As we concluded in last month's column, against the background of the still rising oil price, one great unknown is how much further forecasts will need to be cut for the current year and how much lower airline profits will be in 2011 when compared with 2010.
Since last month IATA has published its latest forecast, which contained a modest downgrade (operating profit $2.1 billion lower and net profit $0.5 billion lower than pervious forecasts), but also highlighted the fact that profit is the outcome of several large numbers moving in different directions. In this respect its expectation is for fuel to be $10 billion higher than the December forecast and non-fuel costs to be $13 billion lower.
This latter outcome appears to be predicated on better utilisation and falling unit costs. This last point is clearly important - not least as too much capacity coming back too soon will restrict the ability of airlines to recover the higher fuel costs from raising fares or surcharges.
We place great store in some of the fundamental rules of economics and in particular the relationships between supply, demand and price. Supply-side decisions by airlines represent a substantial advance commitment - whether measured in years when placing an order - or for the next 12 months when determining seasonal capacity, for example where the key decisions for the April-October summer season are taken in the previous November.
Even in a more stable or near "steady state" environment there are risks, but in the current and recent past environments the consequences of "getting it wrong" are magnified.
Although there was an increase in the number of stored aircraft as the downturn gathered momentum, the latest figures suggest only a small decline from the peak. However, as well over half of the 2,500 parked aircraft are unlikely to re-enter service, while the other aircraft represent a source of supply of capacity, it is the change in utilisation that in the downturn was the key method of adjustment, just as it has been the source of a marked increase in capacity equivalent of some 7% in the final quarter of 2010 and into 2011.
In 2010, airlines were one of the best performing sectors in stock market terms, and although there were wide variations in actual performance, as a group they were estimated to have outperformed the relevant market index by some 23%.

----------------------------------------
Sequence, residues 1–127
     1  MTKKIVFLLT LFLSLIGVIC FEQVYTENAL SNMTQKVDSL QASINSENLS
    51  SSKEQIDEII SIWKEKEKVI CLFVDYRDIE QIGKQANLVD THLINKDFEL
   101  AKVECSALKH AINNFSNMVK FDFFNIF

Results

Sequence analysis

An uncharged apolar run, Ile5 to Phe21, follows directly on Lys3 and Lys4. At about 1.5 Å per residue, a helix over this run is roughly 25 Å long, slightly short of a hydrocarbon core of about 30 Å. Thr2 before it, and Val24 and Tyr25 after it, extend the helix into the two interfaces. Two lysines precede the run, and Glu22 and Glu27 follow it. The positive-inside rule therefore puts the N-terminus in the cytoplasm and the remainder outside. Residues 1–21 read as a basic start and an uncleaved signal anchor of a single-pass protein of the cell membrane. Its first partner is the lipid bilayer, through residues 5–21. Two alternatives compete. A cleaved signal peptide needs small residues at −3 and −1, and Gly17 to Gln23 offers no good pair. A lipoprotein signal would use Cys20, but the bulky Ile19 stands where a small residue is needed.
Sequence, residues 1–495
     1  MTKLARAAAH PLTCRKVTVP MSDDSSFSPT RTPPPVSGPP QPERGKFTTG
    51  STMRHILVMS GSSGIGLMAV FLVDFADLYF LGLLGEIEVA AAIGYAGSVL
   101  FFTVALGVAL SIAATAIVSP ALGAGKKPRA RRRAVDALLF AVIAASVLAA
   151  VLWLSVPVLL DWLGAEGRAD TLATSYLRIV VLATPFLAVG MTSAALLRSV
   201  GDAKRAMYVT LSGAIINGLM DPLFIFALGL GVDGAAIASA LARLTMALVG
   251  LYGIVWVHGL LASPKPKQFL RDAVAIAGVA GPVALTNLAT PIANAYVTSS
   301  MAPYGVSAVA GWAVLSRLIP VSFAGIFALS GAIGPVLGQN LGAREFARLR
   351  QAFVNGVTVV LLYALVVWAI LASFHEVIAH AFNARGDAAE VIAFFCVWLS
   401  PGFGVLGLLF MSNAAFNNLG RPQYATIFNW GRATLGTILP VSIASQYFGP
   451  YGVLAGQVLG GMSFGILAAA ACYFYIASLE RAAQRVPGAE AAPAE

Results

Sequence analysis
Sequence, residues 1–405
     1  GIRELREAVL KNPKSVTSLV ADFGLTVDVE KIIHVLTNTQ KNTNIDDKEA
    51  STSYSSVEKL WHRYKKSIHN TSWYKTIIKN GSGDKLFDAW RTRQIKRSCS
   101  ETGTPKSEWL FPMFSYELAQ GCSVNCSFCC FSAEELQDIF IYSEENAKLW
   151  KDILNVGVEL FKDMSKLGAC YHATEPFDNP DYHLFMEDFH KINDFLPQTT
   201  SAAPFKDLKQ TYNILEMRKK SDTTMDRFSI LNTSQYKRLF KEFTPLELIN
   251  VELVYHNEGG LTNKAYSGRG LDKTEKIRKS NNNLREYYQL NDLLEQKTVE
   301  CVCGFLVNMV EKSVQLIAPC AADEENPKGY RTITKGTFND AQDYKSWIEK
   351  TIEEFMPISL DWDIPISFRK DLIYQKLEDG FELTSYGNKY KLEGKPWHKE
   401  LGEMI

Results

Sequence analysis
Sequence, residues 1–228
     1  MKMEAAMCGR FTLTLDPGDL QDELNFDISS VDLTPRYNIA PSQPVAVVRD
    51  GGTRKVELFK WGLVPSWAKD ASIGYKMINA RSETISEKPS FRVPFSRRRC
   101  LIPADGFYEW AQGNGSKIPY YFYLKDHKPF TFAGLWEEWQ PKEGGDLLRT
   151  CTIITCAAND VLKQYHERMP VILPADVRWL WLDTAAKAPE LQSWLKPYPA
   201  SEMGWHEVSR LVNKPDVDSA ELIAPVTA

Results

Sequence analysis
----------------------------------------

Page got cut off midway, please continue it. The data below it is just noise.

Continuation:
But what a difference a couple of months makes. Just as the share prices benefited from airlines being seen as a geared play on an improving economic background, the converse is now the case as fears over the ultimate level of the oil price and its direct as well as lagged effects on economic growth are now in the foreground.
The fact that stock markets and investors look forward is clearly shown by the fact that despite reporting outstanding results, Cathay Pacific's share price is 5.4% lower than a month ago. Indeed, over the past month there have been some interesting (and generally, although not always, downward) movements.
Based on data from the Financial Times on 9 March, the worst performing share in our sample was Tiger Airways, down almost 16% in the past month. In the same region AirAsia and Cebu Pacific are down by over 8%; elsewhere, the US majors have fallen by between 7.4% and 9.6% with the European legacy carriers down by between 4.3% and 8.3%. This is, however, only a snapshot and many airlines are now well below their 12-month high points.
A review of analysts' recommendations appears to show that the bulls significantly outweigh even those who are neutral, even if target prices may have been trimmed and the horizons for performance expanded.
The key question is which direction share prices take from here and the extent to where we are now represents a buying opportunity, with most if not all of the "bad news" priced in.
The volatility of the market suggests that momentum is provided by events and the fears associated with those events ebbing and flowing, rather than corporate results.
In the near term the key issue is the oil price, followed by geopolitical and economic concerns, all of which have a direct effect on the financial performance of airlines. As things stand now downside risks clearly remain and may not yet be fully priced in.